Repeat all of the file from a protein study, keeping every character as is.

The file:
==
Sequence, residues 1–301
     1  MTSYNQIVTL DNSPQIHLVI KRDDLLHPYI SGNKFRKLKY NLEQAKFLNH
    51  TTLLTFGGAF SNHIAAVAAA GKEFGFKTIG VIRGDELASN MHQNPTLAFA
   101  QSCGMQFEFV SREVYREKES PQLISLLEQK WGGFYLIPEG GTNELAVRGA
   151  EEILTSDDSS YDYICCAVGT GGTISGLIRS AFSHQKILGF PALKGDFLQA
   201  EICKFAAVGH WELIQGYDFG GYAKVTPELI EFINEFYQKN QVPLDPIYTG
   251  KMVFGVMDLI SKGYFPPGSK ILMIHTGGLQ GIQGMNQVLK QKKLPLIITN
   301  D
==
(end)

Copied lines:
Sequence, residues 1–301
     1  MTSYNQIVTL DNSPQIHLVI KRDDLLHPYI SGNKFRKLKY NLEQAKFLNH
    51  TTLLTFGGAF SNHIAAVAAA GKEFGFKTIG VIRGDELASN MHQNPTLAFA
   101  QSCGMQFEFV SREVYREKES PQLISLLEQK WGGFYLIPEG GTNELAVRGA
   151  EEILTSDDSS YDYICCAVGT GGTISGLIRS AFSHQKILGF PALKGDFLQA
   201  EICKFAAVGH WELIQGYDFG GYAKVTPELI EFINEFYQKN QVPLDPIYTG
   251  KMVFGVMDLI SKGYFPPGSK ILMIHTGGLQ GIQGMNQVLK QKKLPLIITN
   301  D